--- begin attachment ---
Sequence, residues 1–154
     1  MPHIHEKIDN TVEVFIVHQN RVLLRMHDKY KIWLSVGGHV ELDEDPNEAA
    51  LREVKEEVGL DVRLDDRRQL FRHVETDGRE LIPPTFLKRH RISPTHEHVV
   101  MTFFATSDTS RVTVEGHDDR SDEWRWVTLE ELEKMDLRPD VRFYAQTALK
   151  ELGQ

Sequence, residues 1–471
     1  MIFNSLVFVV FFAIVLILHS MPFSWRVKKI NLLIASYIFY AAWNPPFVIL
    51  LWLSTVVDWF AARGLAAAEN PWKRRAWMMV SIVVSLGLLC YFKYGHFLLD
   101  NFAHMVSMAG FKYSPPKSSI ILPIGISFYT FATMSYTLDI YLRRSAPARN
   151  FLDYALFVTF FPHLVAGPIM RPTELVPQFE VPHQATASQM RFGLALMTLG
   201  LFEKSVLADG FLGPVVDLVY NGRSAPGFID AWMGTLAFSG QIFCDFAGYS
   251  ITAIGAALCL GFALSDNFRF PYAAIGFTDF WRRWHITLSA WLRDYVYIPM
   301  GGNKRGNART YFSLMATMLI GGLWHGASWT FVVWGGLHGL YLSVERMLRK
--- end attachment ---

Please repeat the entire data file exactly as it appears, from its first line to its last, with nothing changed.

Sequence, residues 1–154
     1  MPHIHEKIDN TVEVFIVHQN RVLLRMHDKY KIWLSVGGHV ELDEDPNEAA
    51  LREVKEEVGL DVRLDDRRQL FRHVETDGRE LIPPTFLKRH RISPTHEHVV
   101  MTFFATSDTS RVTVEGHDDR SDEWRWVTLE ELEKMDLRPD VRFYAQTALK
   151  ELGQ

Sequence, residues 1–471
     1  MIFNSLVFVV FFAIVLILHS MPFSWRVKKI NLLIASYIFY AAWNPPFVIL
    51  LWLSTVVDWF AARGLAAAEN PWKRRAWMMV SIVVSLGLLC YFKYGHFLLD
   101  NFAHMVSMAG FKYSPPKSSI ILPIGISFYT FATMSYTLDI YLRRSAPARN
   151  FLDYALFVTF FPHLVAGPIM RPTELVPQFE VPHQATASQM RFGLALMTLG
   201  LFEKSVLADG FLGPVVDLVY NGRSAPGFID AWMGTLAFSG QIFCDFAGYS
   251  ITAIGAALCL GFALSDNFRF PYAAIGFTDF WRRWHITLSA WLRDYVYIPM
   301  GGNKRGNART YFSLMATMLI GGLWHGASWT FVVWGGLHGL YLSVERMLRK